AR Dance Party
Updated: Oct 8, 2021
Experimentation on building Augmented Reality experiences using apps on the market.
Using Adobe Aero, I explored avenues on creating interactivity with a well known AR application. I wanted to test out the limitations of the app and determine it's strengths and weaknesses in creating truly interactive immersive experiences.
AR Dance Party
Going back to the first concept of the Hologram piece, I wanted to create a character that I can control with my phone. What I learned was that Aero doesn't allow for seamless transitions with different animations, but I could create triggers using an "On Tap" method to simulate the movement of one animation to the next, by "hiding" and "showing" each individually imported model with an attached animation.
AR Dance Party Process + Demo
How was this made?
I downloaded the Adobe Aero app and explored its features and capabilities.
Allows users to import models
Animation features are generic; move, scale, rotation
Has some slight customization for animation; Hide, Show, Wait, Orbit, Aim
3 Trigger options; On Start, On Tap, Enter Proximity
Allows users to export custom animations directly from Mixamo to Aero via Creative Cloud, streamline pipeline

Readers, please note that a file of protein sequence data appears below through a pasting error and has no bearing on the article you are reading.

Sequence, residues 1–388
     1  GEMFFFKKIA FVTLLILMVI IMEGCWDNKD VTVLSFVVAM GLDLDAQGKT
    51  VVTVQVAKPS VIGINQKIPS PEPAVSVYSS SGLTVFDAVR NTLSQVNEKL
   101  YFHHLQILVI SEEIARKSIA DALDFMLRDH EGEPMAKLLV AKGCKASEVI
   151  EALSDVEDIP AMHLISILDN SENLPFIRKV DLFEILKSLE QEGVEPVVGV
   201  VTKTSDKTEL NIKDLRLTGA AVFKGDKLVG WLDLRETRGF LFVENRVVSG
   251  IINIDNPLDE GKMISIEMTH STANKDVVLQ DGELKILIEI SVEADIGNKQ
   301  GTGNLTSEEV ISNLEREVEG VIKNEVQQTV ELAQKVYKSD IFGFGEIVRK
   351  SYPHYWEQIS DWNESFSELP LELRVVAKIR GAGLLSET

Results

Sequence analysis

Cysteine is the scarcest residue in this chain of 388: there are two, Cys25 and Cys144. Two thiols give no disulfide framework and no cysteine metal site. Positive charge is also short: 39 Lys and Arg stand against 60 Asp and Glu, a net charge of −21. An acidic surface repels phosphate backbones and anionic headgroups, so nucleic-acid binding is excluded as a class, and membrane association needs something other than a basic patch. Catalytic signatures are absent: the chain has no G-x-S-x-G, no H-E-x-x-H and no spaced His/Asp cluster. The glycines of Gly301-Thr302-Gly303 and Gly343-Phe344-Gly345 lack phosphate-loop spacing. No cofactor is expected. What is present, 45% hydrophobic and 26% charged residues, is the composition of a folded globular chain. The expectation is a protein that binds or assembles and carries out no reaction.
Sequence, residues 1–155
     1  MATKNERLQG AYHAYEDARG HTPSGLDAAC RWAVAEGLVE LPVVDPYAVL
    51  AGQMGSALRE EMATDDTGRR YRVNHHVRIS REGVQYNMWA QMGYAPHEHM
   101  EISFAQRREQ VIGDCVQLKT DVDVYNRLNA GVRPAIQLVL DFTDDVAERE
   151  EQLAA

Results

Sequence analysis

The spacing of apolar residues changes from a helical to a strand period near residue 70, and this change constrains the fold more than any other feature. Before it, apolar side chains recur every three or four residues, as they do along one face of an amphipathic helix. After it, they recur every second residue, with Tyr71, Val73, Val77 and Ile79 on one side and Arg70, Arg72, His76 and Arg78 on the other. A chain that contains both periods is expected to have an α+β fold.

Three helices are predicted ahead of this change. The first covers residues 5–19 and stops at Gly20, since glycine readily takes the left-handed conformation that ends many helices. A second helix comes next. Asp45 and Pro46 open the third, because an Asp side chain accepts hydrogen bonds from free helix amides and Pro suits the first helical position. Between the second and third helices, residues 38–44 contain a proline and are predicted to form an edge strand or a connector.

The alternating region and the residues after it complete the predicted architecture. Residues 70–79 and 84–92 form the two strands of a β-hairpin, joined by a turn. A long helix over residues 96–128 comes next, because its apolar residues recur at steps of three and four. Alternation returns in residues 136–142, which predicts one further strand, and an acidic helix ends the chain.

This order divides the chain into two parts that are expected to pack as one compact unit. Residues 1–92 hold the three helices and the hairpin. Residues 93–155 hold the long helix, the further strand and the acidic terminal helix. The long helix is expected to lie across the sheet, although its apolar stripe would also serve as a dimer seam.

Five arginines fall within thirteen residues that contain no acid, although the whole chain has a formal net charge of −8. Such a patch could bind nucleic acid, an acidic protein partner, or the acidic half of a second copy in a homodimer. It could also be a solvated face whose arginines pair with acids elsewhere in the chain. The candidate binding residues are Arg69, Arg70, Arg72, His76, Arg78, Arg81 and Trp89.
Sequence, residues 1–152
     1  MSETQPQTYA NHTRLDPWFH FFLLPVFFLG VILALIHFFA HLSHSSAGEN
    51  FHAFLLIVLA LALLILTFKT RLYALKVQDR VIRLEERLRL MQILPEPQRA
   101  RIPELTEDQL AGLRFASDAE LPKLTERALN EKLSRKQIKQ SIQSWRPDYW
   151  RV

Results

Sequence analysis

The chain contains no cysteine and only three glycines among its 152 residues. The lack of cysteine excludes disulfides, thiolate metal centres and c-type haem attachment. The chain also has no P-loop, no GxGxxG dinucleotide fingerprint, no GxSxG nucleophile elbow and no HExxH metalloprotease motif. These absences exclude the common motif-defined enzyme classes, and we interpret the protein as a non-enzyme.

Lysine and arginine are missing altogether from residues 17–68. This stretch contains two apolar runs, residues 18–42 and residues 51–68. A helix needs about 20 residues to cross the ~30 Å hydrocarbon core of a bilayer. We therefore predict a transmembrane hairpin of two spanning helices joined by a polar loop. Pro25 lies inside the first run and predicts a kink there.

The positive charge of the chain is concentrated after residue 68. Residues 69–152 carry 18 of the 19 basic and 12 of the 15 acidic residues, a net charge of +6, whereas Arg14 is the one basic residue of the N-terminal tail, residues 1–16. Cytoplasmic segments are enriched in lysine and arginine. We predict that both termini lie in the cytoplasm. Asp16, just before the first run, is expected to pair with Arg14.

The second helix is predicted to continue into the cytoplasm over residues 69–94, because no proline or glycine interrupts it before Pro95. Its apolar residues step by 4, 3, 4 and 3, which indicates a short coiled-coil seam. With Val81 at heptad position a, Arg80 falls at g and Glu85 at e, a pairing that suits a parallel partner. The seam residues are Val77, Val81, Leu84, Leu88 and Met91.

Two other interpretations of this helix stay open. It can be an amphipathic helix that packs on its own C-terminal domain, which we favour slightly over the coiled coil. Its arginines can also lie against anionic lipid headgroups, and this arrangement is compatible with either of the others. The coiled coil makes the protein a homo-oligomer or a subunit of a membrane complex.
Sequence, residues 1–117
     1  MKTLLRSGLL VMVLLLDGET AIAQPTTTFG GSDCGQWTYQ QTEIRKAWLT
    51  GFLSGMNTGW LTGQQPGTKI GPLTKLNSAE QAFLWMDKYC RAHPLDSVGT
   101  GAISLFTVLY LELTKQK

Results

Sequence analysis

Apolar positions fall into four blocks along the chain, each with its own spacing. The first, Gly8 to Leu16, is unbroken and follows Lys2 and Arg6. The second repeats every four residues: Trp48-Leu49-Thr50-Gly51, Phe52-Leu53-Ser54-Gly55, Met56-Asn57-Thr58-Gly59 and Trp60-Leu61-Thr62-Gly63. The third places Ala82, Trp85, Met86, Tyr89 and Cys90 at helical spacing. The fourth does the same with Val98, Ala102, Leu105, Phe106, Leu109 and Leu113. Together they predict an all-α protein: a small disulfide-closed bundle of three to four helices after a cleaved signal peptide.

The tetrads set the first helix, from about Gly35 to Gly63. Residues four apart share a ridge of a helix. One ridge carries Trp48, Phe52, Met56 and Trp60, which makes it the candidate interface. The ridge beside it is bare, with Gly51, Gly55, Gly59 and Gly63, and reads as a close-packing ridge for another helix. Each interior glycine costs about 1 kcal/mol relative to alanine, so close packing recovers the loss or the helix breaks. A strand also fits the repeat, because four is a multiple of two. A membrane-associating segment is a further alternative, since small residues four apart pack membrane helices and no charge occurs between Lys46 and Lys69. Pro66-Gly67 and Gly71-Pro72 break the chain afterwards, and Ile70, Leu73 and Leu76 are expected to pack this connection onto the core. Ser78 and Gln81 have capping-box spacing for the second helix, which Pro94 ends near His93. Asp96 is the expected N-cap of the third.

Aero scans any flat surface to determine an anchor point where the characters will be fixed. Once an anchor is placed, characters can be moved around the predetermined surface area.
I chose a premade character from Mixamo with an animation. Then exported to Aero. I chose different animations with the same character.
3: Design placement and Interactivity
Once one character was placed I can then set the parameters to create the experience. I chose two different characters to interact with each other at the end to create some dynamic interaction.
Ultimately, users can control almost all aspects of the piece. Then, add any kind of music to create the illusion of a Dance Party in your home.
Aesthetically, a ground plane could give the illusion that the characters are fixed to a place without looking like they are floating in space. Perhaps, adding more dynamic interaction with characters could make the experience more entertaining or give the illusion that the AR character is interacting with a real person.
Further Avenues of Exploration
If Mixamo has a seamless integration into Aero, does it have the same capabilities with other adobe applications?
How can other adobe applications be used to create a more immersive AR experience?
Can something like this be integrated into a Game Engine to create more complex interactivity?
Are other AR applications on the market better or worse to design simple AR experiences?